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National Emergency Services Museum is the worlds larges joint 999 museum showing an insight into all of our Emergency Services through hands-on learning with history.
With 30+ vehicles on site, 3 floors of exhibits to explore, discover and learn including real Victorian Police Cells (including smells!) there really is something for everyone.
The Museum has a classroom set aside specifically for schools and other interested groups that may wish to use the museums study facilities.
The museum staff will be on hand to provide guidance on all aspects of fire safety, history and their application to the National Curriculum.
The classroom itself can accommodate up to 30 children plus about 8 adults. There are slide and video facilities together with a range of books, artifacts and study material.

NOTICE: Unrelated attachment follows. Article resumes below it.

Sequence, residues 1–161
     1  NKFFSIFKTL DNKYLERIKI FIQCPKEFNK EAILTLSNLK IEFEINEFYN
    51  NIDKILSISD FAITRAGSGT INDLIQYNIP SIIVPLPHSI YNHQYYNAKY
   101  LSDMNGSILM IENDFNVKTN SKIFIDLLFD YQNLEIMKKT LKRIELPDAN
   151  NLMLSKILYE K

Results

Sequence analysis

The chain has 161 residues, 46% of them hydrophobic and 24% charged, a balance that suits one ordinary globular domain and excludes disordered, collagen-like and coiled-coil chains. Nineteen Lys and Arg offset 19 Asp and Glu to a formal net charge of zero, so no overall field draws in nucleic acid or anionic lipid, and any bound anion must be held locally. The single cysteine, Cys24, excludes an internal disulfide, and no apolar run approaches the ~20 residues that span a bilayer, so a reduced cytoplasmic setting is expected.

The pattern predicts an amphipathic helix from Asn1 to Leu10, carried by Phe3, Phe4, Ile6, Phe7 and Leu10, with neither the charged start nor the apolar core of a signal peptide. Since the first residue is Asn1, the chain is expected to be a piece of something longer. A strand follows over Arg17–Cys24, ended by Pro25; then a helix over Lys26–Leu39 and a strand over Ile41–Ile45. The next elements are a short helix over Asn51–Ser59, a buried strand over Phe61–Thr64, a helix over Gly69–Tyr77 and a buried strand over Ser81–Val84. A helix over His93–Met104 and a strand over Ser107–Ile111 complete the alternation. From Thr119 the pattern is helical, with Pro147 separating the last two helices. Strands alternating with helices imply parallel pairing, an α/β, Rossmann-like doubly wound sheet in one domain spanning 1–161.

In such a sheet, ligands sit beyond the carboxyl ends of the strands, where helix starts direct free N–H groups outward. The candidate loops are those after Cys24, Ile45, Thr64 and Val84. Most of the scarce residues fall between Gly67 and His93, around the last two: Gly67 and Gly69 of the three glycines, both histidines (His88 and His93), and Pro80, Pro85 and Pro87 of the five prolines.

One wall of the school room is decorated with a mural over 20ft long and 12ft high depicting fire-fighters through the ages.
The Museum is able to provide Fire safety/History lectures suitable for all ages and learning levels. There have been over 13,000 children and young people using the facilities provided by the Museum Staff over the last 6 years.
Children under 3, free.
National Emergency Services Museum CIO is the charity behind this museum. The charity was formed by Firefighters from South Yorkshire in 1984.
The Aim of the Charity is to save and display the history of our Emergency Services as well as teach safety through hands-on learning.